In geometry, parallel lines are lines in a plane which do not meet. By extension, a line and a plane, or two planes, in three-dimensional Euclidean space that do not share a point are said to be parallel. However, two lines in three-dimensional space which do not meet must be in a common plane to be considered parallel. Parallel planes are planes in the same three-dimensional space. Parallel lines are the subject of Euclid's parallel postulate. Parallelism is a property of affine geometries and Euclidean geometry is a special instance of this type of geometry. In some other geometries, such as hyperbolic geometry, lines can have analogous properties that are referred to as parallelism; the parallel symbol is ∥. For example, A B ∥ C D indicates that line AB is parallel to line CD. In the Unicode character set, the "parallel" and "not parallel" signs have codepoints U+2225 and U+2226, respectively. In addition, U+22D5 represents the relation "equal and parallel to". Given parallel straight lines l and m in Euclidean space, the following properties are equivalent: Every point on line m is located at the same distance from line l.

Line m is in the same plane as line l but does not intersect l. When lines m and l are both intersected by a third straight line in the same plane, the corresponding angles of intersection with the transversal are congruent. Since these are equivalent properties, any one of them could be taken as the definition of parallel lines in Euclidean space, but the first and third properties involve measurement, so, are "more complicated" than the second. Thus, the second property is the one chosen as the defining property of parallel lines in Euclidean geometry; the other properties are consequences of Euclid's Parallel Postulate. Another property that involves measurement is that lines parallel to each other have the same gradient; the definition of parallel lines as a pair of straight lines in a plane which do not meet appears as Definition 23 in Book I of Euclid's Elements. Alternative definitions were discussed by other Greeks as part of an attempt to prove the parallel postulate. Proclus attributes a definition of parallel lines as equidistant lines to Posidonius and quotes Geminus in a similar vein.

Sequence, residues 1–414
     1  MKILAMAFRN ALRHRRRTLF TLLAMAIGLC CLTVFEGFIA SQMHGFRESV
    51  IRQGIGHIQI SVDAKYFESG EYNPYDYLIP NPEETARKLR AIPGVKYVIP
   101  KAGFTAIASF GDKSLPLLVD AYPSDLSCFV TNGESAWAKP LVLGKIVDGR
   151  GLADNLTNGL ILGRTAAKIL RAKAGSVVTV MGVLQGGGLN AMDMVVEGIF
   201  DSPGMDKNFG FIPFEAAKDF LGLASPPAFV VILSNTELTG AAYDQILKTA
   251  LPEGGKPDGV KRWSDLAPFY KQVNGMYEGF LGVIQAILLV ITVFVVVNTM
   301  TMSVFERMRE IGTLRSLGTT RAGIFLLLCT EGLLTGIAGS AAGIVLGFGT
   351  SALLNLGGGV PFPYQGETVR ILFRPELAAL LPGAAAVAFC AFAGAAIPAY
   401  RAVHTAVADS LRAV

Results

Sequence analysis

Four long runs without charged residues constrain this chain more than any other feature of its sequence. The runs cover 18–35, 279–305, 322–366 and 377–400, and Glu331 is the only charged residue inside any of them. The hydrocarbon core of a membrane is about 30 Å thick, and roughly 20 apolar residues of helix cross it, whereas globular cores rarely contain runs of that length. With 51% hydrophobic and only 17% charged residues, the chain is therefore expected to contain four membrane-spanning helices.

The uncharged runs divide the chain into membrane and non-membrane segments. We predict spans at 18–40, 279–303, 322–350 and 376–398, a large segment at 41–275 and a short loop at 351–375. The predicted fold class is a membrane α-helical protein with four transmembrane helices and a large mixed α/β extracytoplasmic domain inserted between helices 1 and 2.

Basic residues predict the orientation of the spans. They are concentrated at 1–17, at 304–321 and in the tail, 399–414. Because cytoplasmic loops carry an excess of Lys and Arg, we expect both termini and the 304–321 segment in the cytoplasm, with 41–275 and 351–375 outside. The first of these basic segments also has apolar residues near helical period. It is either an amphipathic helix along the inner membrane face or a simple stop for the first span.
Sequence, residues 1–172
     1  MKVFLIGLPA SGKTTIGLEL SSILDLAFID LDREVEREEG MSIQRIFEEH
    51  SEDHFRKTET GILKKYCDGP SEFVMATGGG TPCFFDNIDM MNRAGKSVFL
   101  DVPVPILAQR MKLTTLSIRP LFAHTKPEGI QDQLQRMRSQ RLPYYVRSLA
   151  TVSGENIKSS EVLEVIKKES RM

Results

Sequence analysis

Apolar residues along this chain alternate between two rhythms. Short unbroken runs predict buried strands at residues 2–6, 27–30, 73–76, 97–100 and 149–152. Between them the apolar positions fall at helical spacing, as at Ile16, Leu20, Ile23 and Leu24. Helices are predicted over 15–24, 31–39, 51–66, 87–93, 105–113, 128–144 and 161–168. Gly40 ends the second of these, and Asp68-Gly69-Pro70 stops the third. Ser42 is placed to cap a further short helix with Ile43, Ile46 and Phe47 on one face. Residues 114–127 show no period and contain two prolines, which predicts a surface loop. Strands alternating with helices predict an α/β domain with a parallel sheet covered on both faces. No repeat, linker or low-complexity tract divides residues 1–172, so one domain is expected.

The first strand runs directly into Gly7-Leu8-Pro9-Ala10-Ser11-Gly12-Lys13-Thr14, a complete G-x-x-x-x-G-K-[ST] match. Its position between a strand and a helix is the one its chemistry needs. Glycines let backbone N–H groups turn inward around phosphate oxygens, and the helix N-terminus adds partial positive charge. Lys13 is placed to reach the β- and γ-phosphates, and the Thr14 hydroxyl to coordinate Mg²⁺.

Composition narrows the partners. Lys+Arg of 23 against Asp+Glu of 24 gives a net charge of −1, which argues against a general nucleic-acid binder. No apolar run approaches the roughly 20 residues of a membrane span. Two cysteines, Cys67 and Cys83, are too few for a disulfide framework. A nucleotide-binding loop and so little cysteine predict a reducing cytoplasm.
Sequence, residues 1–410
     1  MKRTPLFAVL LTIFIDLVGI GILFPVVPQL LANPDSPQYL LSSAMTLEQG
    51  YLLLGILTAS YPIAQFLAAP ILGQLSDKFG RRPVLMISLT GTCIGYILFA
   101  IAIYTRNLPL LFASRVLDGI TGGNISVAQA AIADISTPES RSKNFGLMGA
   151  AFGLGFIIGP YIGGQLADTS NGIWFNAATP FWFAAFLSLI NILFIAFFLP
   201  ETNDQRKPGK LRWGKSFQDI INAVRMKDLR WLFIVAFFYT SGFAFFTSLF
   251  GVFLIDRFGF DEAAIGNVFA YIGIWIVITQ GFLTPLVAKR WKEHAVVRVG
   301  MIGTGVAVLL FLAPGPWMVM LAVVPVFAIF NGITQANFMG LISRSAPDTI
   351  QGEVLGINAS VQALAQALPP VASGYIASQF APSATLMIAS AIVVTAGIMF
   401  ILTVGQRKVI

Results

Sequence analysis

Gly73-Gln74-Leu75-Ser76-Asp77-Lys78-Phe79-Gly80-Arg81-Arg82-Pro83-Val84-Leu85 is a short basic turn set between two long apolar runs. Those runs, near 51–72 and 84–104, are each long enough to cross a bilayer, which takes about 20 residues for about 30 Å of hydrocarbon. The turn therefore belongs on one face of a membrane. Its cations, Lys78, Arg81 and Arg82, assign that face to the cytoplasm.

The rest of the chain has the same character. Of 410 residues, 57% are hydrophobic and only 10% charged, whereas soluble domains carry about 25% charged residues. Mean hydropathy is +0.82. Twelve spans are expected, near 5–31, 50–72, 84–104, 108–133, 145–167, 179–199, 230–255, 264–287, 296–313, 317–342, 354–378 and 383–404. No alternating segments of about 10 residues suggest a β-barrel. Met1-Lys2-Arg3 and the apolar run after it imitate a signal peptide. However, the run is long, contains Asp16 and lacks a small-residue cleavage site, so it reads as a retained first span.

Simplicius mentions Posidonius' definition as well as its modification by the philosopher Aganis. At the end of the nineteenth century, in England, Euclid's Elements was still the standard textbook in secondary schools; the traditional treatment of geometry was being pressured to change by the new developments in projective geometry and non-Euclidean geometry, so several new textbooks for the teaching of geometry were written at this time. A major difference between these reform texts, both between themselves and between them and Euclid, is the treatment of parallel lines; these reform texts were not without their critics and one of them, Charles Dodgson, wrote a play and His Modern Rivals, in which these texts are lambasted. One of the early reform textbooks was James Maurice Wilson's Elementary Geometry of 1868. Wilson based his definition of parallel lines on the primitive notion of direction. According to Wilhelm Killing the idea may be traced back to Leibniz. Wilson, without defining direction since it is a primitive, uses the term in other definitions such as his sixth definition, "Two straight lines that meet one another have different directions, the difference of their directions is the angle between them."